Because of its location in the heart of the Cockpit Country, the Windsor Pen has been used by researchers since at least 1920. Harold E. Anthony (mammologist at the American Museum of Natural History of New York) says in his 1919-1920 field notes, “Windsor is at the end of the road, the best jumping off place for the Cockpit Country and best sort of collecting station. The hills are of the Cock Pit variety and close right in on the Windsor Pen. The one drawback are the miscellaneous pests. The ticks are terrible and the mosquitoes only a little less bad. The latter however are day bitters and the nights are serene.” During the 1950’s Dame Miriam Rothschild conducted her research on mammalian ectoparasites in Windsor Cave and published her “Fleas, Flukes and Cuckoos” in 1952 while living at Windsor Pen.
Michael Schwartz and Susan Koenig operate the Windsor Great House as their home and a research center for scientists interested in the unique attributes of the Cockpit Country. One of the best ways to get a real feel for the Cockpit Country is to go to Windsor in the evening for a “Meet the Biologists” dinner. There are several rooms to provide lodging and meals are available on request.
Due to my many years as a mine reclamation engineer, having restored over three thousand acres of phosphate mining in central Florida, I promised Michael I would address the issue of mining in the Cockpits. I have found that mine operators want to work on a “level playing field” with their competitors. If reclamation is required, they want their competition to be required to reclaim at the same level as they are required. This means that meaningful regulations need to be passed by the government entity that has jurisdiction over mining operations. Additionally, those regulations need to be equally and justly administered in accordance with the spirit and rule of law. Unfortunately, I’m not sure that Jamaica has either the laws in place or the will to enforce those regulations; therefore I can understand Michael’s opposition to any mining in Cockpit Country.
A tremendous amount of information can be gleaned from the excellent website: CockPitCountry.com. Michael can be reached by telephone at 876-997-3832 or email at Windsor@cwjamaica.com.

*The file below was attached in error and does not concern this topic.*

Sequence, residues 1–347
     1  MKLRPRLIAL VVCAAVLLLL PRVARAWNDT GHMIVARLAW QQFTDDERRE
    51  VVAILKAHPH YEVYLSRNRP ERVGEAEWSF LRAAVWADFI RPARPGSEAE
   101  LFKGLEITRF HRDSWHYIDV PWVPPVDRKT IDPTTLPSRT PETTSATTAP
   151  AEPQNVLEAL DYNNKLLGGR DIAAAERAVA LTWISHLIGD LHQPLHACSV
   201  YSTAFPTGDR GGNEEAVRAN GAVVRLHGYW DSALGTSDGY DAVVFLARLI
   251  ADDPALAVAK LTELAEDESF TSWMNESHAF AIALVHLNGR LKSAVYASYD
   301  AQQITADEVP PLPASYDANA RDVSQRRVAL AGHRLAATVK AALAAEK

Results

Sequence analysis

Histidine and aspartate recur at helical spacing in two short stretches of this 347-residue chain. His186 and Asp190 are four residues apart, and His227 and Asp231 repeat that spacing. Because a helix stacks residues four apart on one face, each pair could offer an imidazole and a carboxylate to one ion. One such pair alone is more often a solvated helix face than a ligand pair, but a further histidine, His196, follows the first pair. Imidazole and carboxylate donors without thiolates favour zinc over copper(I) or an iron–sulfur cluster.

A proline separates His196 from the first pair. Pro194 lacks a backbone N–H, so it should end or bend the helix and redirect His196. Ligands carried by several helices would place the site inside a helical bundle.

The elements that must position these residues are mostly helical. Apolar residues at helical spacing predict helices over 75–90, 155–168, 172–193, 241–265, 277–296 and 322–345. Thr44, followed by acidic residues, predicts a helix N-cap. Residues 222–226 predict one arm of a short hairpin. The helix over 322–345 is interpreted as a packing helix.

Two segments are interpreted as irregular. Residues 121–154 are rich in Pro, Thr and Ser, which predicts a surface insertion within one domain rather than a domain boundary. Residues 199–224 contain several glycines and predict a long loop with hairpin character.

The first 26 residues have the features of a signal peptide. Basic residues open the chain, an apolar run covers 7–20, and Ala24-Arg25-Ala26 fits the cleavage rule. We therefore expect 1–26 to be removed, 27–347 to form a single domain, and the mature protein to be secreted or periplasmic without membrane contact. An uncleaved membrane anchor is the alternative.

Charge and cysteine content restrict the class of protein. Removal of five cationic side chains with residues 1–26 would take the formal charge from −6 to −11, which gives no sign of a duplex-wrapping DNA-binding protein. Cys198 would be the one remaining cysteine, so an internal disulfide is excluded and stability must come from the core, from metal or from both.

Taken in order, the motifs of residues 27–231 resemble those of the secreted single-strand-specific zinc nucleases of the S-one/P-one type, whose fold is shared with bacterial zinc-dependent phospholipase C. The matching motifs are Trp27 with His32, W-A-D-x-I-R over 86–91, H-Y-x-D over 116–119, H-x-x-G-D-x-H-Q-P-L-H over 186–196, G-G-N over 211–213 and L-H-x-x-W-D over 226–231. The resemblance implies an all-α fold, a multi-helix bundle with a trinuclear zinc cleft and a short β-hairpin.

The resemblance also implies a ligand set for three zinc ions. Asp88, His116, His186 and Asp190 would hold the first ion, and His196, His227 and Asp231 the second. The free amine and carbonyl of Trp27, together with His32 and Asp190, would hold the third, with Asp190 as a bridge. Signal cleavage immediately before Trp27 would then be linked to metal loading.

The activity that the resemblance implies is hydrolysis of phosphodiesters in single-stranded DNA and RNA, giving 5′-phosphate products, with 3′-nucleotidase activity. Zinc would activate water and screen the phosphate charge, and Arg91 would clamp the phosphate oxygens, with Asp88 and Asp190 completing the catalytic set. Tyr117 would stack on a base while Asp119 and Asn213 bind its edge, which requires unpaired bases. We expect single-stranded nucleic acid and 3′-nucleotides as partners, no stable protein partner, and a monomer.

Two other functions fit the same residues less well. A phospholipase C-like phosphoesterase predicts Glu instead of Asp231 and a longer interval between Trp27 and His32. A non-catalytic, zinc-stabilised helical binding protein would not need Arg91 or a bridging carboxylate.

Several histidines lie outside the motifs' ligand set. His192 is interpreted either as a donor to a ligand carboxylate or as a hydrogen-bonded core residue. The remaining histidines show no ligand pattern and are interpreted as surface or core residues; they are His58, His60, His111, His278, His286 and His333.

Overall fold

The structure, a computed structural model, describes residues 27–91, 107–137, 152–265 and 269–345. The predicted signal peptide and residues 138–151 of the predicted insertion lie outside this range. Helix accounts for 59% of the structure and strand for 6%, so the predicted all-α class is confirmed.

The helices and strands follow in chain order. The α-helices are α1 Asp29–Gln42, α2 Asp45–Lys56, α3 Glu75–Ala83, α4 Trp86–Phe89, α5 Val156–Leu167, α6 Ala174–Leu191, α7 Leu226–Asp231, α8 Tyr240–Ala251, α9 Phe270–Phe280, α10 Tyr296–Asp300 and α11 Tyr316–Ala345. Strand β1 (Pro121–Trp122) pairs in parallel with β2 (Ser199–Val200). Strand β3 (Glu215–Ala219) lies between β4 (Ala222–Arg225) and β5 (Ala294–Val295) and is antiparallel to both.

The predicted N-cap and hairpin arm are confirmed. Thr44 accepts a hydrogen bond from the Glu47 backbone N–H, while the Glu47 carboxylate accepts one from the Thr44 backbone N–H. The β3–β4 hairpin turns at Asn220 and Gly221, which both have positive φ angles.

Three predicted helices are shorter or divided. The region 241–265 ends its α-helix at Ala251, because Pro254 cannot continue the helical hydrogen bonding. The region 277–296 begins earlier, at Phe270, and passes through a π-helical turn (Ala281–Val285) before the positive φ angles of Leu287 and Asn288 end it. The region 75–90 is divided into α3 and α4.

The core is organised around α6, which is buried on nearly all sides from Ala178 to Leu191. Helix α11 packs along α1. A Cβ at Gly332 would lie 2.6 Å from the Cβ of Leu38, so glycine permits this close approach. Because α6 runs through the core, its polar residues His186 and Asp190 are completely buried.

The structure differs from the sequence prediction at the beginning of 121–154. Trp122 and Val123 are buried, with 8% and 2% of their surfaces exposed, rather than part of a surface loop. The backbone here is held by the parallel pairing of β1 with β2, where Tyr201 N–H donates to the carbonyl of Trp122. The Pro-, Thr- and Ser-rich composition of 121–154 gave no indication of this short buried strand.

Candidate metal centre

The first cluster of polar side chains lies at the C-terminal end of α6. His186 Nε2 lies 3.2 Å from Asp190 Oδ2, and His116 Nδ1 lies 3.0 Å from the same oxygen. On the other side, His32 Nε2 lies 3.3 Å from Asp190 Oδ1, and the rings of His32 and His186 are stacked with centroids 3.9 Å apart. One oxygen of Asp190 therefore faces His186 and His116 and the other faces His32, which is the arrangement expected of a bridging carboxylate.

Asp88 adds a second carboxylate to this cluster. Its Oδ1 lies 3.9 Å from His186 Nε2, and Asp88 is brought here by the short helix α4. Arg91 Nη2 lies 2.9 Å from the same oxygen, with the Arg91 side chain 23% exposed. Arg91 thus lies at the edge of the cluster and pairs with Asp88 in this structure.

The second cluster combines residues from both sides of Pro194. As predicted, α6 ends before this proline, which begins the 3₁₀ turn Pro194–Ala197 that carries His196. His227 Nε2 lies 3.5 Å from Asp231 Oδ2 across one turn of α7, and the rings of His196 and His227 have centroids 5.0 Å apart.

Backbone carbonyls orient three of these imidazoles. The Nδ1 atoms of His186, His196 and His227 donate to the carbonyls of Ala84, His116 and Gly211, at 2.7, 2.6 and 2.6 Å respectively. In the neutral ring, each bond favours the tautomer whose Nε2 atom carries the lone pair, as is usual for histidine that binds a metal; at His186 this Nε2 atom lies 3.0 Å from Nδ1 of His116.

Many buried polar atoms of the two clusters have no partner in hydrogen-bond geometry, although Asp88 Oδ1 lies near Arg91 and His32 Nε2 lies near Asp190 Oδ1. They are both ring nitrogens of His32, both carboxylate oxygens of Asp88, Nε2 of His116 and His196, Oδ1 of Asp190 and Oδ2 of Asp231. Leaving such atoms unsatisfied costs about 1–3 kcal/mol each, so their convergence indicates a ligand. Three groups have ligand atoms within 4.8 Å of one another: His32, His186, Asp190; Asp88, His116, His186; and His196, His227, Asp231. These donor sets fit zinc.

Windsor Pen Photo Gallery
Windsor Pen Location Map
After meeting with Michael Schwartz at his Windsor Great House in Windsor, I headed back toward Sherwood-Content. Upon leaving the driveway I encountered Sonny looking for a ride to Sherwood-Content to sell his bunch of bananas to purchase bun and cheese (a must have for Easter). He asked for a ride, to which I answered, “It’s going to cost you. You have to show me the location of the Content Pen in Sherwood.” He said, “I suppose you want me to put out my ganga (marijuana) before I get in.” to which I answered in the affirmative. A little way up the road, he hopped out of the pickup truck, disappeared into the bush and few seconds later deposited a bunch of bananas in the back of the truck, which must have weighed fifty pounds. Along the way, he pointed out the various medicinal plants along the road. He seemed to be very knowledgeable on the identification but a bit hazy on the uses. Medicine generally requires the understanding of both parts of the equation. He directed me up a steep hill to the Baptist Pastor’s house. Behind the modern house was the Content Pen. Finding these great houses is half the fun.
The house is a two story affair with a rock first story and a timber and rubble second story. The building has three hip roofs (a modified “M” type roof), each covering a third of the building. This roof system may have been used when additions were added to a house or to limit the span on more than two bearing walls. In any event, it is terrible to keep rain leaks away since the first place to start leaking is in the valley between the two roofs. It is the place where corrugated metal first rusts. On the sides, each section had large sash window. Across the front was a two story verandah. The wooden second story veranda is supported on stone pillars. The first story is painted red and the top story is painted white. It looks like it maybe the original paint job. A portion of two walls is all that remains of the kitchen out building. Nearby were numerous houses that probably housed the overseer and slaves. Those buildings are still is use today.
The estate was small at 58 acres and was used for the raising of livestock. There was a large portion marked out as “Negro Lands” where the slaves grew their own food. It eventually became a Baptist pastorium or manse. The Stirling family owned the pen as well as the Hampden Estate (I will cover Hampden Great House in another blog) and probably used the pen to supply work animals for the extensive sugar operation.
Sir James Stirling (1679-1749) of Glasgow Scotland had 22 children, forcing many to seek their fortune outside of Scotland. Several of his sons moved to Jamaica as merchants and planters. Archibald Stirling (1710-1783) established the Hampden Estate and Content Pen. Upon Archibald Stirling’s death, Sir William Stirling-Maxwell took over ownership of the Jamaica properties and ran them for 25 years.
It is rumored that Englishman William Knibb died in the great house. He is one of Jamaica’s official Heroes for his work in the abolition of slavery in Jamaica.
As a side note, Sherwood-Content claims to be the home town of Usain Bolt the holder of the world record in the 100 meter and 200 meter races. Bolt was actually born in the nearby town of Windsor, a town that is almost non-existent.
The great house is up the hill on a dirt road opposite the Waldsensia Baptist church.